I was pleased to read the post on 3 geeks about value billing as this is definitely a topic that needs exploring further, not least because I’m astonished by the number of law firm partners who continually tell me that it’s for clients to find a pricing model that works for the firm’s services.
The common refrain from private practice lawyers (especially those who know how I feel about hourly rate billing) is that in-house lawyers who talk about value based billing really just want to pay less, and are not really interested in concepts like sharing risk. Opening a dialogue about pricing is simply an exercise in getting the law firm to do the same work for less money.
I my have missed the point, but of course they want to pay less!
The fact that the firm hasn’t developed a model that really meets their needs, or if they have the firm can’t communicate it in a compelling model does not turn this into the client’s problem. It’s the private practice lawyer’s problem. It’s the firm’s problem. It’s the profession’s problem.
The market has changed.
Except for those highly differentiated firms that have unique or otherwise genuinely marketing leading skills and expertise, law firms are shifting to being price takers rather than price setters in the market. As barriers to entry in the legal market fall, and new models of legal service delivery emerge, clients have more choices about how they resource work:
- Big firm, small firm?
- Global firm or international network?
- Insource, outsource?
- Disaggregate, multisource?
- Onshore, offshore, nearshore?
Fewer and fewer GCs respond well to a conversation with a law firm that starts at a notional rate card, which of course is all great news if you’re a firm with some creativity and innovation.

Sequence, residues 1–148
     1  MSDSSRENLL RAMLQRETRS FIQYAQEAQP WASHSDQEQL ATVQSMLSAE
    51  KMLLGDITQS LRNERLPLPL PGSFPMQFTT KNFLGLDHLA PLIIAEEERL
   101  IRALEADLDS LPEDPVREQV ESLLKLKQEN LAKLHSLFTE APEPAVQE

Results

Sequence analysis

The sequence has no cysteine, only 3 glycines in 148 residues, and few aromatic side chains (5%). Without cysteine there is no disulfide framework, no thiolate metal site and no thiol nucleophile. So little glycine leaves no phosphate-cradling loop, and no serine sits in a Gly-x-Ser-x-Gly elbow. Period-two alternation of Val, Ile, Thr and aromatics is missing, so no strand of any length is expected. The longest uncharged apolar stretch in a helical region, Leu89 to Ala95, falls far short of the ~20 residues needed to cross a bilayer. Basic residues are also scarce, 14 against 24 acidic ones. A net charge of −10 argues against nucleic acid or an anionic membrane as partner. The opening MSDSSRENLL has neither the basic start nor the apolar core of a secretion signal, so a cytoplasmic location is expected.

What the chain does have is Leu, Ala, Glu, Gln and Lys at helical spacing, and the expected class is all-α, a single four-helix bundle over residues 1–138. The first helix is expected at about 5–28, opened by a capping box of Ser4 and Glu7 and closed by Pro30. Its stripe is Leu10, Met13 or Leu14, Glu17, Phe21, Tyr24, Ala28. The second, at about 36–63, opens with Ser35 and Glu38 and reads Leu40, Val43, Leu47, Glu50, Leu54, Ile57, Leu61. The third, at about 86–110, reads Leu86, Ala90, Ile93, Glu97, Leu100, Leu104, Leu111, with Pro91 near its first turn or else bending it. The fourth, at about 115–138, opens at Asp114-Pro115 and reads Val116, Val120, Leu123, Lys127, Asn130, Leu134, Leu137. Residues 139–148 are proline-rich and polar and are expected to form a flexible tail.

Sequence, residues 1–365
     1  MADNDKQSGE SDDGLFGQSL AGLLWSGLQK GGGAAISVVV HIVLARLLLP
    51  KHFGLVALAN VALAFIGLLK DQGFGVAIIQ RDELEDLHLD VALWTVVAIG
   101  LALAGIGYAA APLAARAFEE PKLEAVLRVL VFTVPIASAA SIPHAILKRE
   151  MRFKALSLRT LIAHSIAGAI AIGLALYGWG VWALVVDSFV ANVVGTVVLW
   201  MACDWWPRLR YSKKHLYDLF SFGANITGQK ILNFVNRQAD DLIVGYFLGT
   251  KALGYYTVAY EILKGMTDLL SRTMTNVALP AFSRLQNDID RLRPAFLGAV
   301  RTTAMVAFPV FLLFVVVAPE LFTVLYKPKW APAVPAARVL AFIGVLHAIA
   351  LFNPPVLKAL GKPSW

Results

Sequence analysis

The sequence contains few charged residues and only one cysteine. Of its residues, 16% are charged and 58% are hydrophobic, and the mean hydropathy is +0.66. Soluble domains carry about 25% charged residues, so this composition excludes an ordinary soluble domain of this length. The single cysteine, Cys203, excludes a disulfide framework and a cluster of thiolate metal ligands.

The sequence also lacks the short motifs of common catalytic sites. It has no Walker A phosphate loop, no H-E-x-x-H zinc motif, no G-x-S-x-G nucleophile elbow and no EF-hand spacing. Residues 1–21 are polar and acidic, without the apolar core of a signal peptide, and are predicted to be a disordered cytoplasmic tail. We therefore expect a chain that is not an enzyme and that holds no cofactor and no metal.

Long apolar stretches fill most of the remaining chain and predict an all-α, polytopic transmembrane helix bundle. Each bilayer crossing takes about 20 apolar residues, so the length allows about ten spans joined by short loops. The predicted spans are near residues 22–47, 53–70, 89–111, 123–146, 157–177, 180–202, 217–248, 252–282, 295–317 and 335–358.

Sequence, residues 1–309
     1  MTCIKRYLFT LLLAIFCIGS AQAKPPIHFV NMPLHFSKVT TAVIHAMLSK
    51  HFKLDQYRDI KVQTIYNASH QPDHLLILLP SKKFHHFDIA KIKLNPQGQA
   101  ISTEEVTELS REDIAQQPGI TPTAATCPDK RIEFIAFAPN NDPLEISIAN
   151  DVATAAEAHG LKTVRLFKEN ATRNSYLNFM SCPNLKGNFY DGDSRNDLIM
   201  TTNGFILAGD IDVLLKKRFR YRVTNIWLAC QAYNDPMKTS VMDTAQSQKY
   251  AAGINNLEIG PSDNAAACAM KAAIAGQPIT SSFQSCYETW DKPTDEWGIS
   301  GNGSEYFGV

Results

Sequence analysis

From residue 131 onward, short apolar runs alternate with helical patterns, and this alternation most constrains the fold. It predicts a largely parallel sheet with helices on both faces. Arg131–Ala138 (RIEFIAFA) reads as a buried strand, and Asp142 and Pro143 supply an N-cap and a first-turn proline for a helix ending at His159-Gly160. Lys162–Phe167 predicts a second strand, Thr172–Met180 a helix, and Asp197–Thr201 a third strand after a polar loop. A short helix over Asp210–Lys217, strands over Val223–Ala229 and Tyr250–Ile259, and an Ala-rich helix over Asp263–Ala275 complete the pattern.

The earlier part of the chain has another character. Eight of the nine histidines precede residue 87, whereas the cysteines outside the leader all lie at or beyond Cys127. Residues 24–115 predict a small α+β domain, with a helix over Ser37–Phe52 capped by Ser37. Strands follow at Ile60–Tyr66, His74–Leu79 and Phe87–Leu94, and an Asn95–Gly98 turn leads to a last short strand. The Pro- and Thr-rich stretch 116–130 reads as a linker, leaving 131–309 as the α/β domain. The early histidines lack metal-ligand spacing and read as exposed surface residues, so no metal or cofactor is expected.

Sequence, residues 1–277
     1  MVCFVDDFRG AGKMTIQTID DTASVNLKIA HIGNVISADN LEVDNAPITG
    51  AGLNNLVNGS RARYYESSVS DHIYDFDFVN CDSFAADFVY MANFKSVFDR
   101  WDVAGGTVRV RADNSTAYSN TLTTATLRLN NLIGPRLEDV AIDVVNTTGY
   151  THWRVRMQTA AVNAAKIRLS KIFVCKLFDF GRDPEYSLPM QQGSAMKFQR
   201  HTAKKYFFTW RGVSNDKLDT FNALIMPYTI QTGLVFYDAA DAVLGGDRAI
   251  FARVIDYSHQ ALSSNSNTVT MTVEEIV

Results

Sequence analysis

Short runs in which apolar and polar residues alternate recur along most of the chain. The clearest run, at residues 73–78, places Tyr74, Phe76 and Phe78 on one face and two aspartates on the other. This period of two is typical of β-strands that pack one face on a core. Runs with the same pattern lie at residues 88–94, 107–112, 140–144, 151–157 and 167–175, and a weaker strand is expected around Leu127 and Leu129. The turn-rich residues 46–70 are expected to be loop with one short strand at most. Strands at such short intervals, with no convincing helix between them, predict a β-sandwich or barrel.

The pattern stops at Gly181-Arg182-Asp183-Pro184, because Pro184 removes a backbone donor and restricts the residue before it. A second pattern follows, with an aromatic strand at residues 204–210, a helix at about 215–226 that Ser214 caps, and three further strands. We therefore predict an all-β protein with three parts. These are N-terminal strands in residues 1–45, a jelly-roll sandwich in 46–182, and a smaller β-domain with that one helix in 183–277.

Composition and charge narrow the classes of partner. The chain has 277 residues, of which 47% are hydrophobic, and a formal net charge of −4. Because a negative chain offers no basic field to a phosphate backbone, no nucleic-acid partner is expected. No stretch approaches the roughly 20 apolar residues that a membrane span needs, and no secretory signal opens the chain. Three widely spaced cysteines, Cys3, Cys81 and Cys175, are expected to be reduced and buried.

To me, understanding value starts with a conversation with the client.
Too many firms assume that clients all want the same thing, but in my experience the range of client needs and expectations are almost infinitely variable.
Organisations of a similar size in the same vertical industry may look similar on the outside. They may have similar sized legal teams which do similar types of work. But actually the underlying businesses may have different operating models, different shareholder expectations, different objectives, different risk tolerances and of course different legal budgets. What they want from their internal and external lawyers may be very different, in fact it might vary significantly across the business.
There are a whole host of client needs that might emerge from a well structured conversation, implemented through some good questions.
The challenge for the law firm is then to define the service that would best meet those needs, identify the variables, work out what the cost implications of those variables are on the overall cost of service delivery and then stitch the whole thing together into a great value proposition at a compelling price.
Some of the variables might include turnaround times, the style of advice (who is the ultimate recipient – business person or in-house lawyer?), the level of detail, different types of relationship management (dedicated team?) and the hours of operation/availability for the external lawyers.